John Lennon’s song “Happiness Is a Warm Gun” parodies Peanuts cartoonist Charles Schulz’s book Happiness Is a Warm Puppy, a parody with a bitter sting after Lennon was gunned down. In Lennon’s version, the gun (whose barrel is hot after it’s fired) is a metaphor for sex (“When I hold you in my arms (oh, yeah)/ And I feel my finger on your trigger (oh, yeah)/ I know nobody can do me no harm”). The lyrics capture the seductive appeal of violence and weaponry that permeates American culture. A timely exhibition, “Gun Country,” at Phillips Academy’s Addison Gallery of American Art in Andover, MA, until July 31, contains more than 40 objects that examine the mythology and meaning of America’s addiction to guns.
Guns are so prevalent in American society that it renders them both visible and invisible.
The exhibition is housed in the gallery’s Learning Center, where high school students often meet for classes. It should inspire thought about how the gun-related images reflect our “nation’s anxieties, ambitions and desires,” as Addison director Judith F. Dolkart put it in a press statement. Stephanie Sparling Williams, assistant curator and visiting scholar, noted in a press release that allusions to guns — and their images — are so prevalent in American society that it renders them both visible and invisible. This ubiquity normalizes their presence and desensitizes us, underscoring how firearms seem simultaneously peripheral and central to American identity.
The show ranges over 155 years of representations of guns, with objects from the Addison’s substantial holdings. From an 1863 albumen print of a Civil War scene by Timothy O’Sullivan to contemporary works by Andy Warhol and John Baldessari, the images strike notes from celebratory (ramrod-straight soldiers on parade) to tragic (Harry Benson’s 1968 “Bobby — Los Angeles” of a slain Robert Kennedy).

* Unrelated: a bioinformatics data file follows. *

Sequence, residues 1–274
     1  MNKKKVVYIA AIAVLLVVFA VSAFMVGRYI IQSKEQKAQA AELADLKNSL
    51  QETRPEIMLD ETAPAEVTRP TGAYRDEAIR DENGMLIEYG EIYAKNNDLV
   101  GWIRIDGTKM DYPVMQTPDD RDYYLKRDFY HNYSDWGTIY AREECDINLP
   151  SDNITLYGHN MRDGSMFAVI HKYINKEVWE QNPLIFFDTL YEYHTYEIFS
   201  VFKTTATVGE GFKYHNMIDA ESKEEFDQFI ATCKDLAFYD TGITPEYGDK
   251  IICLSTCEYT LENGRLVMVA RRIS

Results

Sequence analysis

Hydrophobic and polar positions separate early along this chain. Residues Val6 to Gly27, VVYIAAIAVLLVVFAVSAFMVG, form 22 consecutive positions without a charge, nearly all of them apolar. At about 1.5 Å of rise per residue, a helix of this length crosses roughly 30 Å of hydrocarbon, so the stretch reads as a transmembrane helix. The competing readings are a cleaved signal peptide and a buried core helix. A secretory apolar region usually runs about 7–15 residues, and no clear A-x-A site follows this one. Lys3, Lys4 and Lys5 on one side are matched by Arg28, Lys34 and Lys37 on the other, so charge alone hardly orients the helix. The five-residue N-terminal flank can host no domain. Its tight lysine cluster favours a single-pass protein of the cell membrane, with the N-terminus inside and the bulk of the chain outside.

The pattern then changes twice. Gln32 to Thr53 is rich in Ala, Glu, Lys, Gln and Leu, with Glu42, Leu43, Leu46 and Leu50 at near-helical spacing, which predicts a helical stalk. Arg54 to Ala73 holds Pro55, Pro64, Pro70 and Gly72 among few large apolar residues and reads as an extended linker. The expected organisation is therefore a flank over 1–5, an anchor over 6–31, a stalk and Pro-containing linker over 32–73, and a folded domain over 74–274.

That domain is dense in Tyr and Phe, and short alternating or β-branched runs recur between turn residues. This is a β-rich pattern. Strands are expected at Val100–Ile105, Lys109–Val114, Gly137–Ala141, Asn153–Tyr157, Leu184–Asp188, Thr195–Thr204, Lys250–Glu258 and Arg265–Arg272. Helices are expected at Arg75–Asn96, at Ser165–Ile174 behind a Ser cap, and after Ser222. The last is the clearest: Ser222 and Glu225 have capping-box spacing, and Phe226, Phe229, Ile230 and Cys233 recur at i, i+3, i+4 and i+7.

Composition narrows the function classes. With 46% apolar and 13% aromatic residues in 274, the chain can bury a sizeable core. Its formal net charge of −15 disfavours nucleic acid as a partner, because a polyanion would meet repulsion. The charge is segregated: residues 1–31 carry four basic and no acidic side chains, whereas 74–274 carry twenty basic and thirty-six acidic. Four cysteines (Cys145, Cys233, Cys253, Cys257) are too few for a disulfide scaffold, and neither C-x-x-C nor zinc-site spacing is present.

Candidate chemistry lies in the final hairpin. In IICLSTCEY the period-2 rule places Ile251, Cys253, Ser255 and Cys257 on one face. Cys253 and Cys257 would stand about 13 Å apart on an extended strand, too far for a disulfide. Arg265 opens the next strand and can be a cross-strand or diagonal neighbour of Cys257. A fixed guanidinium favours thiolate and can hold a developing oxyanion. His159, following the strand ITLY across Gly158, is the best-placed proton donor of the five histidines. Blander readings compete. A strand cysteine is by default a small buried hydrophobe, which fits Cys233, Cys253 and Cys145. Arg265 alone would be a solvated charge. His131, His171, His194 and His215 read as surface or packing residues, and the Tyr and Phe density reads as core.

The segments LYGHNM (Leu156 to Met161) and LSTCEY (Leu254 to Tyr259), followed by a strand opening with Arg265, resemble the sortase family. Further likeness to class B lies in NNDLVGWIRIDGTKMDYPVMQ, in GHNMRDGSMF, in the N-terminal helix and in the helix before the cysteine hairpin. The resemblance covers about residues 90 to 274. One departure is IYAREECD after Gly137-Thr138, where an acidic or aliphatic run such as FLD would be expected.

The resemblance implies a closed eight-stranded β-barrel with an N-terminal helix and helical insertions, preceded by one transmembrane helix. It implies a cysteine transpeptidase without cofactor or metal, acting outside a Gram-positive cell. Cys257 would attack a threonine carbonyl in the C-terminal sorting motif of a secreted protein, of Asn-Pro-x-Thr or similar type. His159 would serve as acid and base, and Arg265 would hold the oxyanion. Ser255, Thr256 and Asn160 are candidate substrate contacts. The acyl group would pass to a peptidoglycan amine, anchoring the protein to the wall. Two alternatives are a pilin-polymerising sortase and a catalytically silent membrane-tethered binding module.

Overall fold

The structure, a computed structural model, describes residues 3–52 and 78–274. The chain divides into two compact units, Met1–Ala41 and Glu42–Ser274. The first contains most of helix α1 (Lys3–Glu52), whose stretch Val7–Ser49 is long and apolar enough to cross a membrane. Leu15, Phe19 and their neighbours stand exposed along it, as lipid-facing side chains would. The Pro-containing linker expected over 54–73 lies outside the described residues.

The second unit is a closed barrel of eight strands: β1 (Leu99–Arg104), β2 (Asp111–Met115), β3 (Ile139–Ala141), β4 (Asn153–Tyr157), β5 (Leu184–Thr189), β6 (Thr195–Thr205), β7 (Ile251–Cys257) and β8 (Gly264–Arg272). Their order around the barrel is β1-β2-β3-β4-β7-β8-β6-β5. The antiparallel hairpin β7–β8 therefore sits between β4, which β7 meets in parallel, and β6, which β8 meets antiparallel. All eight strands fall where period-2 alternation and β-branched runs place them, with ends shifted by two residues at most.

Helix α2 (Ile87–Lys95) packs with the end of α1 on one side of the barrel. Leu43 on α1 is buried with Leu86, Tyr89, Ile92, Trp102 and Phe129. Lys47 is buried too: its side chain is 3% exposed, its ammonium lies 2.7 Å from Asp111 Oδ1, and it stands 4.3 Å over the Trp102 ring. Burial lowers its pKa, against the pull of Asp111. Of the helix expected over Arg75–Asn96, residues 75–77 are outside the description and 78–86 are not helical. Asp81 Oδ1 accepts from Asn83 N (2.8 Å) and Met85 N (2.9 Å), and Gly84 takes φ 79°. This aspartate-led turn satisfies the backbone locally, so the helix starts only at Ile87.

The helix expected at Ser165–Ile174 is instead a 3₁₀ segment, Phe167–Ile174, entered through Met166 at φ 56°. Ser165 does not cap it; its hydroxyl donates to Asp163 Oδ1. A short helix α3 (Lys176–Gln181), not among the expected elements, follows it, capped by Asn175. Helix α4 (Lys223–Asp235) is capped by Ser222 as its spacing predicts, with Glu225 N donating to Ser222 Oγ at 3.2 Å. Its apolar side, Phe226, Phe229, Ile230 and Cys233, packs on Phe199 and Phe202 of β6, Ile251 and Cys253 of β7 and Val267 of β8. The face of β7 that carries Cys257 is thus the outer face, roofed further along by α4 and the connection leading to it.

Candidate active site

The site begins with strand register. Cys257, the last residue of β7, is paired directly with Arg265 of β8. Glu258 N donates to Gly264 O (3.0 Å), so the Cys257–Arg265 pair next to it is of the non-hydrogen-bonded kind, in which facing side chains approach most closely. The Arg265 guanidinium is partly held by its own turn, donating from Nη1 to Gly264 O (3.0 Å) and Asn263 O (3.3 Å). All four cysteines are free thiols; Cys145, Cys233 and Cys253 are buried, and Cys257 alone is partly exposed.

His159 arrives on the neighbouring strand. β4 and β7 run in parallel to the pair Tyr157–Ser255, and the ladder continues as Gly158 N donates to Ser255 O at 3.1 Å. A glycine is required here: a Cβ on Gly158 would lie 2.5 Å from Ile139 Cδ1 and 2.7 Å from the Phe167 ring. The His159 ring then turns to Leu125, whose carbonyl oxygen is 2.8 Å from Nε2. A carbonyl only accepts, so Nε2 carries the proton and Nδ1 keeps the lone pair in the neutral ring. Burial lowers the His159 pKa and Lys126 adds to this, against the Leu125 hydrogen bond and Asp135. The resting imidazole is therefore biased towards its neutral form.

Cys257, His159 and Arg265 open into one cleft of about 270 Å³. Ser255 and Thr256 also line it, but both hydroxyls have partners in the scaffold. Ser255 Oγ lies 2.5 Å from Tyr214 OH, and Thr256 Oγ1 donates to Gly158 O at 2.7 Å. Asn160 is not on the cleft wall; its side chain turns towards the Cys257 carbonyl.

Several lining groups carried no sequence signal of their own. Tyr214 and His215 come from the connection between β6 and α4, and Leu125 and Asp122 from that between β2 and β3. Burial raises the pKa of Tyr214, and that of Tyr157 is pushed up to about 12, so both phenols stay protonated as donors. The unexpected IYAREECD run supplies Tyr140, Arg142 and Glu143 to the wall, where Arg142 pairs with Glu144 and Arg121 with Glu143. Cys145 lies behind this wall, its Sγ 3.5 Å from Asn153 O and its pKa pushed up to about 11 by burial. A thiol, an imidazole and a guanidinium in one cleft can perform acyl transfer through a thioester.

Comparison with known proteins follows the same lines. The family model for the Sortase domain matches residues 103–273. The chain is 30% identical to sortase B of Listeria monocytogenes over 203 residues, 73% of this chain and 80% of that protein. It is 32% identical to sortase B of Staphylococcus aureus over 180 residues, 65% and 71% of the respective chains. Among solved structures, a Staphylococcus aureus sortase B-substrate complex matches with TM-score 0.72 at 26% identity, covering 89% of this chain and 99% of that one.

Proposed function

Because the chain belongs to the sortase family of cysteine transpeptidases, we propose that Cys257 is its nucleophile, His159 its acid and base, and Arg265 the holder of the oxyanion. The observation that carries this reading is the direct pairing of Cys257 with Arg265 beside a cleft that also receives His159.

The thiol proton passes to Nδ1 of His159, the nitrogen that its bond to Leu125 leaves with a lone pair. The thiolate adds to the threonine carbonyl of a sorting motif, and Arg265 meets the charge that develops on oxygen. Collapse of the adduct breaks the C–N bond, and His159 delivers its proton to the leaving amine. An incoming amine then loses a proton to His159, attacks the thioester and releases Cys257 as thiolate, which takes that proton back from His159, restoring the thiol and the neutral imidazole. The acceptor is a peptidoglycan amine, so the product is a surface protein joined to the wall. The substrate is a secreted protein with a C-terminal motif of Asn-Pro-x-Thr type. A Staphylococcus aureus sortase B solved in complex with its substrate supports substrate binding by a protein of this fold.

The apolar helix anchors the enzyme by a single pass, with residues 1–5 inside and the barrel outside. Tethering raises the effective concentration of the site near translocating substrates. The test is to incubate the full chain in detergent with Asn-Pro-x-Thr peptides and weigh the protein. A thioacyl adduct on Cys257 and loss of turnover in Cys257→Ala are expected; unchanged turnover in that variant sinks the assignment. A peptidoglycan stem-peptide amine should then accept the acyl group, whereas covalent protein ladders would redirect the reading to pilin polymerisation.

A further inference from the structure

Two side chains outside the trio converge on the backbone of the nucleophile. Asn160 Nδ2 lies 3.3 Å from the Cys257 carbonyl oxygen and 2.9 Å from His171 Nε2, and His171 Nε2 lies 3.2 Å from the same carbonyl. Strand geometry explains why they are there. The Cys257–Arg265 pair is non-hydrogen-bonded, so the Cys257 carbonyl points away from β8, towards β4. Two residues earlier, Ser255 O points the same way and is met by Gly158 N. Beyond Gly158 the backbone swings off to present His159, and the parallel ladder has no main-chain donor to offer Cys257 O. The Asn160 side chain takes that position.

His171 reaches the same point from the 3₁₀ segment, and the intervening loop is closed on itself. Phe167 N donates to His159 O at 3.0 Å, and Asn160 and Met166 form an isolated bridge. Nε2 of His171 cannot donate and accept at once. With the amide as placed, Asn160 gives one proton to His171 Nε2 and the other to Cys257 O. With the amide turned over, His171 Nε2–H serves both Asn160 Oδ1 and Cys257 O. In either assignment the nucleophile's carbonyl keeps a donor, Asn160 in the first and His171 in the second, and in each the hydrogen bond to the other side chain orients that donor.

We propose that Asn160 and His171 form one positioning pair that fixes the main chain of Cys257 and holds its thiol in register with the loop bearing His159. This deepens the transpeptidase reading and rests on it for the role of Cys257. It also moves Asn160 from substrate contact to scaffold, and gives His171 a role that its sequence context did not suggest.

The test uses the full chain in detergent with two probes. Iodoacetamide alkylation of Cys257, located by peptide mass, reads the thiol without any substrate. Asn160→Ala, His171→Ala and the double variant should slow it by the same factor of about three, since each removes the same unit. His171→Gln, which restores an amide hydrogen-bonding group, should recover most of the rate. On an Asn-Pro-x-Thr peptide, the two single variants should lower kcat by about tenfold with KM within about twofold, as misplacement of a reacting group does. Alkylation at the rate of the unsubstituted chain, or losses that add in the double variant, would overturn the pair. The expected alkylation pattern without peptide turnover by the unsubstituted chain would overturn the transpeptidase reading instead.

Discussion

In early days of our country’s history, shooting animals for food provided justification for gun ownership and marksmanship. Coon Hunters by John G. Ellinwood (active c. 1870-c. 1900) presents a shot of three stone-faced hunters displaying their trophies: four raccoons hung by their paws. A 1979 color photograph of 24 members of a men’s hunting club by Neal Slavin (b. 1941) documents the ongoing use of guns for game and sport.
A photograph called British Redcoat Re-enactor, Battle of Concord and Lexington, 2002 by Sage Sohier (b. 1954) suggests another rationale for gun ownership by “a well-regulated militia,” as the Second Amendment says. Recalling the “shot heard ‘round the world” that launched the American Revolution, the image reminds us of the pivotal role armed fighters played in gaining our independence. Yet, the re-enactor rests exhausted against a tree, clutching a musket, which seems anachronistic against the distant background of suburban clapboard houses. A rifle was once essential to fight tyranny, it implies, but now a muzzle-loader is as outdated as the tricorn chapeau the pretend soldier has doffed.
The military’s role in protecting American interests provides another rationale for the use of arms. A closeup of a sniper firing his rifle in training before deployment to Vietnam’s Killing Fields by former Army photographer Dick Durrance (b.1942) gives a dead-eye human profile to American servicemen.
The exhibition mostly refrains from showing the bloody face of “American carnage” (which President Trump inveighed against in his inaugural speech). Yet, a 1964 image by the inventor Harold Edgerton (1903-1990) graphically proves the destructive power of a bullet. “Papa Flash” — or “Doc” as he was known to MIT students — documented (using a flash that froze the action in a millionth of a second) how both the entrance and exit of a .30-caliber bullet explodes the mass of an apple. The famous Bullet and Apple color print illustrated Edgerton’s “How to Make applesauce at MIT” lecture. An engineer who distanced himself from moralizing, Edgerton saw no downside to high-impact technology, saying, “I am after the facts. Only the facts.”
Hollywood transformed fact into fiction with its plethora of 1930s-60s Western films and television shows glorifying a shoot-‘em-up ethos. In a sepia-tinted photograph, David Levinthal (b. 1949) portrays an iconic cowboy with a holstered six-shooter. The image mimics a film still, taken at the climactic moment a Stetson-hatted cowboy enters a saloon’s swinging doors. It’s actually a staged photo, posing a toy figurine to question the stereotype of the lone hero with a Colt .45. The dark, blurred style — like America’s hazy nostalgia for gun-toting pioneers on the frontier — targets archetypes of the American psyche. His Wild West series, Levinthal has said, portrays “the West that never was but always will be.”